In 1991, the New York Times called Michael “the consummate New York lawyer.”

If you watch the first few minutes of this interview, you might be impelled to read Michael’s book: They Wished They Were Honest: The Knapp Commission and the New York City Police.

By now you might be wondering why I am writing this article for my fellow Arizona Cardinals’ fans at ROTB and around the world—-well, it is because of my dear Uncle Monk that I became a life-long Cardinals’ fan.

It was one of the greatest and worst weeks of my life, saddened immensely by the assassination of President John F. Kennedy. After a recent visit from Aunt Joanie and Uncle Michael where my sisters, best friends and I threw around the brand new “Duke” NFL football that Uncle Monk gave me—-and later that day hearing Uncle Monk ask my mom and dad if he could take me to my first NFL football game at Yankee Stadium—-all week leading up to the game I was on cloud nine—-until the principal came into my 4th grade class to tell us that JFK had been shot and that the school buses were on their way to take us home.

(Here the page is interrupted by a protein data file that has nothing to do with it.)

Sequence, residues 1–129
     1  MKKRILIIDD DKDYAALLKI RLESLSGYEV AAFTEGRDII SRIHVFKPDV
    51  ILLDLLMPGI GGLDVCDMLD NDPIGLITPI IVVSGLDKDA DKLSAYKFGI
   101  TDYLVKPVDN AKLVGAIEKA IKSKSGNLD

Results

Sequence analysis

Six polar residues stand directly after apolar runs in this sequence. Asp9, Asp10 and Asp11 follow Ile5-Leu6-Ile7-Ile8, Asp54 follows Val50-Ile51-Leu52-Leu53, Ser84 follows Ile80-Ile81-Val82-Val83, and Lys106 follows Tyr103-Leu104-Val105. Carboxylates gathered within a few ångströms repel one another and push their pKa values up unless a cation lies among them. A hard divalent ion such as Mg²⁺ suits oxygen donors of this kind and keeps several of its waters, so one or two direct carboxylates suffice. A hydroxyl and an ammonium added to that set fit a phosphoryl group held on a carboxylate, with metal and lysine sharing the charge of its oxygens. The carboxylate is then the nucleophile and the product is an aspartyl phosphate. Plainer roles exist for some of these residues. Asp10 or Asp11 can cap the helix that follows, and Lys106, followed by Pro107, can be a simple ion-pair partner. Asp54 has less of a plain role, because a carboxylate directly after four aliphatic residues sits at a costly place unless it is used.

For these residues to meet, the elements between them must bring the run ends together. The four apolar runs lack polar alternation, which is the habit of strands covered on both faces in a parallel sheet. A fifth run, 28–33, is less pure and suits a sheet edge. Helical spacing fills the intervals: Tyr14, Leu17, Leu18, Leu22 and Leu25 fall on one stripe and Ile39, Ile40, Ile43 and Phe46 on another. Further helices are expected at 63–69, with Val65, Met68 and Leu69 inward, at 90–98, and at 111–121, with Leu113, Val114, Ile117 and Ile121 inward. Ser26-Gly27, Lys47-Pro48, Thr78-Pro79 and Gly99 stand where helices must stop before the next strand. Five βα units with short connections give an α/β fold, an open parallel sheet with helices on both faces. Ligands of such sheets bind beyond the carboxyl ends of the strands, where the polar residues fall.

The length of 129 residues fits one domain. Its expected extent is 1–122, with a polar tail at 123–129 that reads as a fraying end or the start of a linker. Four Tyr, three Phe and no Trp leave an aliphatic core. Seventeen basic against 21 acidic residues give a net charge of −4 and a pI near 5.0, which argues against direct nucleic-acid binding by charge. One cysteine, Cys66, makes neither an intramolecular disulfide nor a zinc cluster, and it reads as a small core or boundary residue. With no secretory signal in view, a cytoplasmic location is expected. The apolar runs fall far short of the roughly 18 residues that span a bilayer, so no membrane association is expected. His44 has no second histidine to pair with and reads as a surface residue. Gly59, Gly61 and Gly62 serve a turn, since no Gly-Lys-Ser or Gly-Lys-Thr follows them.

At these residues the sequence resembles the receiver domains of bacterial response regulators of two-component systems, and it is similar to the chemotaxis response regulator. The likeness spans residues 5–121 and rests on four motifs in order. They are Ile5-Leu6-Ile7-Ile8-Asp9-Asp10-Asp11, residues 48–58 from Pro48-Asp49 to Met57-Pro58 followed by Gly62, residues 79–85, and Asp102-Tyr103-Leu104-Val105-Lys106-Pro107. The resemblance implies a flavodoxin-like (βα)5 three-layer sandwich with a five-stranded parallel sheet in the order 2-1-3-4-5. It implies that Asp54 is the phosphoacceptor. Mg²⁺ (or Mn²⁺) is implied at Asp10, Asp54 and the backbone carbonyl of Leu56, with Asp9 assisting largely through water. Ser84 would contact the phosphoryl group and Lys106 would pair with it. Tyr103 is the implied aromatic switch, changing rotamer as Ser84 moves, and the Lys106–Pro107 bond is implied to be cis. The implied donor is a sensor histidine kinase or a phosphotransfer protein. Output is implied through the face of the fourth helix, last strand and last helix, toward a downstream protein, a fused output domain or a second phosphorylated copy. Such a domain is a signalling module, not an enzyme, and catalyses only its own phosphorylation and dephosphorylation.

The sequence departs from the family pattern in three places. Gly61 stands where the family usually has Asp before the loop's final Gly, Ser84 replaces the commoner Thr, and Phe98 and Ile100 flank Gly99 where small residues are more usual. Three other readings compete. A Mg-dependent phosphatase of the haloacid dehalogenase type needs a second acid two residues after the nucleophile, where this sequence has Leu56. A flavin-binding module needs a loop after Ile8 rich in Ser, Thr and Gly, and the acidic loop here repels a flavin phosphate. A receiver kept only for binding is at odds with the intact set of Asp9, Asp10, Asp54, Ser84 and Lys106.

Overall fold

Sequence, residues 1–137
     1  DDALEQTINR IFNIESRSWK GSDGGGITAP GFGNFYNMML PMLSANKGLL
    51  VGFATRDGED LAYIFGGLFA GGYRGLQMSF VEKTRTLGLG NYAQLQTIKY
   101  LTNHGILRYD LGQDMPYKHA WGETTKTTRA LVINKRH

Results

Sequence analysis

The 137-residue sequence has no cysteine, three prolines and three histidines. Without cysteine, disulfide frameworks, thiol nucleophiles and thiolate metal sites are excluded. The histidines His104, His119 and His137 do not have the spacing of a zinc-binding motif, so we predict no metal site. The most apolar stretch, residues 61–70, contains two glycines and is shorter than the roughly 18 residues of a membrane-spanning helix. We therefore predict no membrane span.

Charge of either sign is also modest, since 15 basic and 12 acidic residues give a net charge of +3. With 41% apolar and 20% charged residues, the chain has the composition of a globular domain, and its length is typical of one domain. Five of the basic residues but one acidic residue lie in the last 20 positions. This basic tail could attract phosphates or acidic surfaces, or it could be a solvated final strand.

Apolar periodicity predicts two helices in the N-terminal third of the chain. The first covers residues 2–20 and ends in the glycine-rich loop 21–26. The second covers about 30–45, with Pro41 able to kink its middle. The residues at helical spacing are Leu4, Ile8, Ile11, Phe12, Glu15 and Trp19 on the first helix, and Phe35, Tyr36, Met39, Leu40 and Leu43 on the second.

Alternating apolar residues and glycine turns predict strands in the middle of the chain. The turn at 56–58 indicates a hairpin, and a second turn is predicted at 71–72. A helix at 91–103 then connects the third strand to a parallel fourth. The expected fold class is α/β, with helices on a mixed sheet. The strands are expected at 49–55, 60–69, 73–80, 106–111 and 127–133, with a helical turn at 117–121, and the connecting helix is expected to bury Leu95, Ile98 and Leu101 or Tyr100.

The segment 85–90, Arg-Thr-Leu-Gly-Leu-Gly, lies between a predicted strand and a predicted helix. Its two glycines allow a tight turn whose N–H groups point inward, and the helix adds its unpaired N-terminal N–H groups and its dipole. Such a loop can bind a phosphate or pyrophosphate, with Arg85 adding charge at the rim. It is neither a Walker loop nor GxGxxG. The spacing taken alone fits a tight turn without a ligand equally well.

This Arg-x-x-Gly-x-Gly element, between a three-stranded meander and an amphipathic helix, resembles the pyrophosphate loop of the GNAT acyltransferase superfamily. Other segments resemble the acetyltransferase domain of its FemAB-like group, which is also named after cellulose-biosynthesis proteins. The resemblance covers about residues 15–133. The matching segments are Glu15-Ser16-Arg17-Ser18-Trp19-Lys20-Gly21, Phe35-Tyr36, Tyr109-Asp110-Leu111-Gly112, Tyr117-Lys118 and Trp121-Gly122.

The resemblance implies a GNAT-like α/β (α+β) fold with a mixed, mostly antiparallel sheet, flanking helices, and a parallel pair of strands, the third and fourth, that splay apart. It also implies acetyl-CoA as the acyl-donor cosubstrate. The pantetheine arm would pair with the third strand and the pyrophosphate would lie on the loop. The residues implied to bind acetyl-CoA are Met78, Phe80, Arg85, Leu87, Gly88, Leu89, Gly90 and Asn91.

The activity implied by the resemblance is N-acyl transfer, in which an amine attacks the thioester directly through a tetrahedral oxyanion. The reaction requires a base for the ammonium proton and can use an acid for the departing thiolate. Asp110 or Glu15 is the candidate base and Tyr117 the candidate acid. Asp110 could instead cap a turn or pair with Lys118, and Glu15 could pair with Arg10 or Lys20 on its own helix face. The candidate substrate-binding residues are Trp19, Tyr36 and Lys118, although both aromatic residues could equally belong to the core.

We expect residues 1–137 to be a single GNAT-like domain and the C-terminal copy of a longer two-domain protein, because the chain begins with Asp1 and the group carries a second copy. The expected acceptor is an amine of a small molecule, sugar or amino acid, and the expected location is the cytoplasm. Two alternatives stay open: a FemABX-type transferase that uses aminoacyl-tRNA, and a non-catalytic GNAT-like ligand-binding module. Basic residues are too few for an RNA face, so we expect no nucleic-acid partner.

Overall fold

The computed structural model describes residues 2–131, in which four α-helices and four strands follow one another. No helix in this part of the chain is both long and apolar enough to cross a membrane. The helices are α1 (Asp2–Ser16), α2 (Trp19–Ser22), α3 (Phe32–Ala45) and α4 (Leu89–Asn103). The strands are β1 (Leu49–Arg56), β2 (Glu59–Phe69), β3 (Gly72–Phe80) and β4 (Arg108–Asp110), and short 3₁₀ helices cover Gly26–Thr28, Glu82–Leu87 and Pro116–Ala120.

For those of us who watched on in horror at the events of November 22, 1963, it was devastating to watch our entire nation weep, wail and reel from the brutal reality of what those insidious gunshots meant to the lives of so many at home and abroad.

It was a miracle of sorts that the NFL game between the St. Louis Cardinals and the New York Giants was even played that weekend.

But, for a scared and utterly confused eight year old boy, going to this game with his beloved uncle was a godsend.

We arrived at the stadium early enough to see the warmups—-and from the very minute we had walked down the ramp and had taken our seats, I couldn’t help but notice the speedy and acrobatic play of #8 dressed in white, wearing the milk white helmet and deep red feathers of the Cardinal. I became an instant Cardinals’ fan because there, right in front of us, I couldn’t take my eyes off of the Cardinals’ free safety Larry Wilson.